Ron's original goal with the car was to run a 10.50 with 308 cubes, a stock-type short-block, flat-top pistons, and nitrous. This was back in 1996 when the performances of today were little more than a small, pea-sized dream. Ron told us that he liked showing off the performance of his cylinder heads by using a small motor. "I always liked the idea of running a tiny little motor--basically a stock-type motor with flat-top pistons--and still run awesome with big-time airflow."

His comprehensive experience with TFS Street Heats made them a natural for Robart's fierce combination. These aren't your father's Street Heats. Says Ron, "We built these as a special set. They have rolled over 16-degree valve angles. We did that to get a 36cc combustion chamber, so we can get up to 12.5:1 with a flat-top piston." According to Ron, he started out with a set of bare castings in which the only machined surfaces were the deck and head bolt holes. He CNC Stage 3 ported the intake, and gave the exhaust a J302-type port design. Final figures for these Street Heat heads are flow numbers of 320 cfm at .650 lift on the intake, and 230 cfm at .650 lift on the exhaust side.

The short-block is nothing special. How about a Mexican block, Boss 302 steel crankshaft (3.000-inch stroke), Eagle rods, and flat-top JE Pistons? Cam Motion ground a custom mechanical roller cam (about .650 lift and top-secret everything else) to help this little motor rev to about 8,000-8,500 rpm. With the small-combustion chamber (about 35-38cc) and the flat-top pistons, the motor ends up at around 12.5:1 compression. As for the intake manifold, Ron got it done cheap. "I didn't want to spend much money. I picked up a port-matched Victor Jr. from a swap meet for $125 and touched it up a little bit," he says. On top of this is a Holley HP 950 carb and an NOS big-shot plate with a 200hp jetting. The trans is a TCI powerglide with a Transmissions Specialities 8-inch convertor that stalls about 5,500 on spray. This combination was good for 9.57 at 144 mph. And from only 308 ci!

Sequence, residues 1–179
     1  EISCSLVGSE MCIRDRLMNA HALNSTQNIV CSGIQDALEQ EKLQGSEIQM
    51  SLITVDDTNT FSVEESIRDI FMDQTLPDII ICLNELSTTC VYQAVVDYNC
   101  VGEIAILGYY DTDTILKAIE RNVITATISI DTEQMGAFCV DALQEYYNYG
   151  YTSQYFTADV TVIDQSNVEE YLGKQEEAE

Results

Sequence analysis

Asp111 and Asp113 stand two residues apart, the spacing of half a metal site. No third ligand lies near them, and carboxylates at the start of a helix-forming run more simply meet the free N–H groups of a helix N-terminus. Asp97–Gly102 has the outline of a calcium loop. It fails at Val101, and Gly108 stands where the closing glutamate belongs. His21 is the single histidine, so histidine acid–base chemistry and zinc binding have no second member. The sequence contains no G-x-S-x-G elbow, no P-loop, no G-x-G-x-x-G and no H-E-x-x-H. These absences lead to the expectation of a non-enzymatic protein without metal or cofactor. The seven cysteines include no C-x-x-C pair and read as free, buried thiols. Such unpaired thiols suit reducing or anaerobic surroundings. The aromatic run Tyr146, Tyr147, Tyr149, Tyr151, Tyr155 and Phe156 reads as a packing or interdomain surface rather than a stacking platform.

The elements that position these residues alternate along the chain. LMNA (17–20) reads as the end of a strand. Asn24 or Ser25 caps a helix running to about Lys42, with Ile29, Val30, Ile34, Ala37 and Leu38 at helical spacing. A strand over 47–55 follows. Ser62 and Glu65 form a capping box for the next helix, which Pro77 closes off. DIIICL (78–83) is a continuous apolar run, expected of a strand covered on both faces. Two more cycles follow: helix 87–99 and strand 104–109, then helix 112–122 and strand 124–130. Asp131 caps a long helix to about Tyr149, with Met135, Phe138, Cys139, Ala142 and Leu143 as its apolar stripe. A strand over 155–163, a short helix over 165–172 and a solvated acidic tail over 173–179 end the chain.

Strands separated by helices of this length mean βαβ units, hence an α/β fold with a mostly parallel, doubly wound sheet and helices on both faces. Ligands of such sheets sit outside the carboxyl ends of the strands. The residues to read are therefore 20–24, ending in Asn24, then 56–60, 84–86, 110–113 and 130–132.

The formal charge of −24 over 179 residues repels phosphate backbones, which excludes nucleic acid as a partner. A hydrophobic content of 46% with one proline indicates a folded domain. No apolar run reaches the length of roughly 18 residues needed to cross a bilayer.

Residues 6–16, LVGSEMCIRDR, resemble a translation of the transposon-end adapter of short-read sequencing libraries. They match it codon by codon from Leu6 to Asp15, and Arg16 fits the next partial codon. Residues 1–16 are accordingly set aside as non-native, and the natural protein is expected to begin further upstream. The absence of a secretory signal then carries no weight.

With the popularity of the True Street-type events, Ron got a crazy idea last year to run True Street at his local Norwalk Fun Ford event. Now he tells us, "This was when people were running 9.70s-9.80s. I knew I could go faster. All I needed was a horn and windshield wipers because we basically have a street car, with license plates and insurance, even!" Ron made a few changes to his combination, just in case some competition showed up loaded for bear.